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ADA Requires Best Available Medical Information in Making Individualized "Direct Threat" Determination

By Francis P. Alvarez
  • July 24, 2003

In a case familiar to workplace law and human resources professionals, the U. S. Court of Appeals for the Ninth Circuit ruled that an employer must use the best available medical information when making an individualized assessment under the Americans with Disabilities Act of whether an applicant poses a "direct threat" to himself or others. The court ruled in Echazabal v. Chevron U.S.A. Inc. that the ADA required more than "the advice of a generalist and an expert in preventive medicine" to conclude that the individual's medical condition met the "direct threat" requirements. "Before terminating an individual's livelihood, the ADA requires more," the court concluded.

In this decision, a divided panel of the Ninth Circuit reversed a ruling of summary judgment in favor of the employer. Despite its reliance on medical opinions that a direct threat would have existed if it hired the individual, the employer had failed to make the "individualized assessment" required by the ADA. The U.S. Supreme Court did not review this aspect of the case when it issued its June 2002 ruling in Chevron USA, Inc. v. Echazabal.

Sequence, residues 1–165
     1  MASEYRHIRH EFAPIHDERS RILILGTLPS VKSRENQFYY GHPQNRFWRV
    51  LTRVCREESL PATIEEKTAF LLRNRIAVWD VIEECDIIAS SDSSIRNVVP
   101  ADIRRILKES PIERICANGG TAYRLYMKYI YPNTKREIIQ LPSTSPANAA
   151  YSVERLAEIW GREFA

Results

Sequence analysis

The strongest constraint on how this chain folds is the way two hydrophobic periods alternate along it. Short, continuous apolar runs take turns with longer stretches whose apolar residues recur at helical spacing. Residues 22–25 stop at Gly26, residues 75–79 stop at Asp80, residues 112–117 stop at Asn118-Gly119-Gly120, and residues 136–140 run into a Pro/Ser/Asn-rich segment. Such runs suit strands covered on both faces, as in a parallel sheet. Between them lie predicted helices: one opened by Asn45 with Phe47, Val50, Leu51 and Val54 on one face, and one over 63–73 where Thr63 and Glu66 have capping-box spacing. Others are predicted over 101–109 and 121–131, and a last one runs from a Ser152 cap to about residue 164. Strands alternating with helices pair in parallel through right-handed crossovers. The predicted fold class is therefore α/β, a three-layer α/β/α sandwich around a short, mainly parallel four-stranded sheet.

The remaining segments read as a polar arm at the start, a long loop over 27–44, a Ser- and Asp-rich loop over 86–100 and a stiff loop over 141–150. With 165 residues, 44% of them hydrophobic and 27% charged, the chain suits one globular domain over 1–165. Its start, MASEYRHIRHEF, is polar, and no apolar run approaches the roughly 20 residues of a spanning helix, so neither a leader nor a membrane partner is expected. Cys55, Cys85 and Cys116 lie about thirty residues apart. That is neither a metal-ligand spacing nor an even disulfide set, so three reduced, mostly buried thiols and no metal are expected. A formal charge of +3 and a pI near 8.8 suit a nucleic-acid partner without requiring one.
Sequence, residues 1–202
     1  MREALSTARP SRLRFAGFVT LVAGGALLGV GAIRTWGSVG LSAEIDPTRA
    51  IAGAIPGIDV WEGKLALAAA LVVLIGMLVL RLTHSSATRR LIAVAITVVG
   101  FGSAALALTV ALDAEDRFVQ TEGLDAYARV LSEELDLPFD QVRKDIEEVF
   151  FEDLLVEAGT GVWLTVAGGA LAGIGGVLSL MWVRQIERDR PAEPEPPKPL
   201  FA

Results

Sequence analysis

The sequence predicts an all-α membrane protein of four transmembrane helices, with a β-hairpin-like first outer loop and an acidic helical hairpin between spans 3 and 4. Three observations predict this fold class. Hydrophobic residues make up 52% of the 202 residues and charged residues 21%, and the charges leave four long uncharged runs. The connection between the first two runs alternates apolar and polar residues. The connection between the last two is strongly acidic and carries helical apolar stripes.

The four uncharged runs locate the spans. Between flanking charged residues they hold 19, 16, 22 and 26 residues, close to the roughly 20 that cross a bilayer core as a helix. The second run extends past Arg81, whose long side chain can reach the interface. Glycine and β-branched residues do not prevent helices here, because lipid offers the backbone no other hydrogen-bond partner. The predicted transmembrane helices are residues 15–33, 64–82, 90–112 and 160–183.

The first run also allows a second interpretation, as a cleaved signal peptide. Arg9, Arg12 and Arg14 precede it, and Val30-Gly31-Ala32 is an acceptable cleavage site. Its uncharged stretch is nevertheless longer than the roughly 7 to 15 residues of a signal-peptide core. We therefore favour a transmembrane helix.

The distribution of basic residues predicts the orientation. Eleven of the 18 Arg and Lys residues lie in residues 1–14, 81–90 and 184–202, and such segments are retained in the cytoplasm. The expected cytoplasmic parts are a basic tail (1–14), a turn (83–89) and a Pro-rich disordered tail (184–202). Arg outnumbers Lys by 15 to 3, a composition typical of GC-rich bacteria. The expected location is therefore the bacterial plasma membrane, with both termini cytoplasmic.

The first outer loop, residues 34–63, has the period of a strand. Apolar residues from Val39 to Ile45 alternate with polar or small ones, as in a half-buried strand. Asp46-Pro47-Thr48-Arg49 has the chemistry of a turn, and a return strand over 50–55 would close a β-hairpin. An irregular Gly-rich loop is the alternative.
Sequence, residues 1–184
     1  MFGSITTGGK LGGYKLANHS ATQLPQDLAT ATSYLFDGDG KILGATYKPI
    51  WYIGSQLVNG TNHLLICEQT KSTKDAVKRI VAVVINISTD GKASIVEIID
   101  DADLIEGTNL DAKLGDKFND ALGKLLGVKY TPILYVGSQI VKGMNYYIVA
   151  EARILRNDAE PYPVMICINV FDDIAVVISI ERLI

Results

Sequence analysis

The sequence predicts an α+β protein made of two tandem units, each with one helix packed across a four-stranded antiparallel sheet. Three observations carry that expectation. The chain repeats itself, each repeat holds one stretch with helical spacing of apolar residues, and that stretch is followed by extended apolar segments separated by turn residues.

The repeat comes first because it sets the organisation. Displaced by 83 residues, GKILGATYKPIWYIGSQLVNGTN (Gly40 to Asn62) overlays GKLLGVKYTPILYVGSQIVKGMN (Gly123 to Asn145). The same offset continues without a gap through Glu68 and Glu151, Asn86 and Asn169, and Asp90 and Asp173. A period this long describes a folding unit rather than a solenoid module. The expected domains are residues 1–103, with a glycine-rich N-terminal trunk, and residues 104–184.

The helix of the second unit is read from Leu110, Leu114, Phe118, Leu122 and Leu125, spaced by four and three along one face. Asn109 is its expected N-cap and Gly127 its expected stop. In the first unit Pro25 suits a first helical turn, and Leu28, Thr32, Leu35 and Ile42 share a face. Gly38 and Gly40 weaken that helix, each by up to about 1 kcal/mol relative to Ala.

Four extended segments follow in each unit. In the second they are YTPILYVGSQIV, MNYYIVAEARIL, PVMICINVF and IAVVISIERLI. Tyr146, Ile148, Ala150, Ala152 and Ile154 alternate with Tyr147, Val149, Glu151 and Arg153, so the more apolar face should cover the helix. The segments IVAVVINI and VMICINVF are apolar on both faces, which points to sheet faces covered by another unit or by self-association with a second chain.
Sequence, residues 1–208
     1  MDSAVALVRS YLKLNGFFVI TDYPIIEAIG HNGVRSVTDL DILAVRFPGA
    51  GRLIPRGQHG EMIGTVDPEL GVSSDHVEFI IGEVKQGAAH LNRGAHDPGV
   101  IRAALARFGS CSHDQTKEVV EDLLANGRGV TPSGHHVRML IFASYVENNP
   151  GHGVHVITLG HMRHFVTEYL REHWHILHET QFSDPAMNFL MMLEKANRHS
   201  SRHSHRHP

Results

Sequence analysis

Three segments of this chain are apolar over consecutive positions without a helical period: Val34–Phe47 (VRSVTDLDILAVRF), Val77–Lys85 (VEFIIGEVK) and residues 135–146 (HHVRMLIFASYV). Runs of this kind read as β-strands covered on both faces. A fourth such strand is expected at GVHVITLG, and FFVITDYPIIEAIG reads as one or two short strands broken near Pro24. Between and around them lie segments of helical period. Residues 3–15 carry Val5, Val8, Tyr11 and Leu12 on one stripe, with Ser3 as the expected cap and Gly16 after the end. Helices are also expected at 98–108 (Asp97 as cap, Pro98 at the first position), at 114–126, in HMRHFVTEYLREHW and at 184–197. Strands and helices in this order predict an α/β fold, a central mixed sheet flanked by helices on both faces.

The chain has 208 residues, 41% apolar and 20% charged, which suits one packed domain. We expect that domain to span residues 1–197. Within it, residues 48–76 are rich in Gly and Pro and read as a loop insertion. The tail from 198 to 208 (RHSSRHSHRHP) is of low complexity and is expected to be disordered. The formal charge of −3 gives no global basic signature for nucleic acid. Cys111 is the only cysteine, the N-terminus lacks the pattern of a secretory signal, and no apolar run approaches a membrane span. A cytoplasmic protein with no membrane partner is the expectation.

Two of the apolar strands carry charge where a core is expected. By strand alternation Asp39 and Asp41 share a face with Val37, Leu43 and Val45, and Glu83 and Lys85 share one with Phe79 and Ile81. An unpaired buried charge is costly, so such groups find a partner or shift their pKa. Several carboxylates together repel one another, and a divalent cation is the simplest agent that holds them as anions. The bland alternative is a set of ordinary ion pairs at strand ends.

Among other things, this decision suggests employers should reevaluate the processes they follow in determining whether applicants and employees can perform jobs safely. It also calls into question the opinions of "company doctors" who are generalists. It appears now that employers, especially those doing business in the Ninth Circuit, must be prepared to argue that their "direct threat" determinations were correct, based on the best available medical evidence. This likely will force most employers to retain medical experts to offer opinions concerning the ability of applicants and employees to perform jobs safely. Employers and their counsel also will need to critically evaluate the medical judgment of doctors who, in turn, are likely to prepare more detailed medical reports justifying their opinions.

©2003 Jackson Lewis P.C. This material is provided for informational purposes only. It is not intended to constitute legal advice nor does it create a client-lawyer relationship between Jackson Lewis and any recipient. Recipients should consult with counsel before taking any actions based on the information contained within this material. This material may be considered attorney advertising in some jurisdictions. Prior results do not guarantee a similar outcome.

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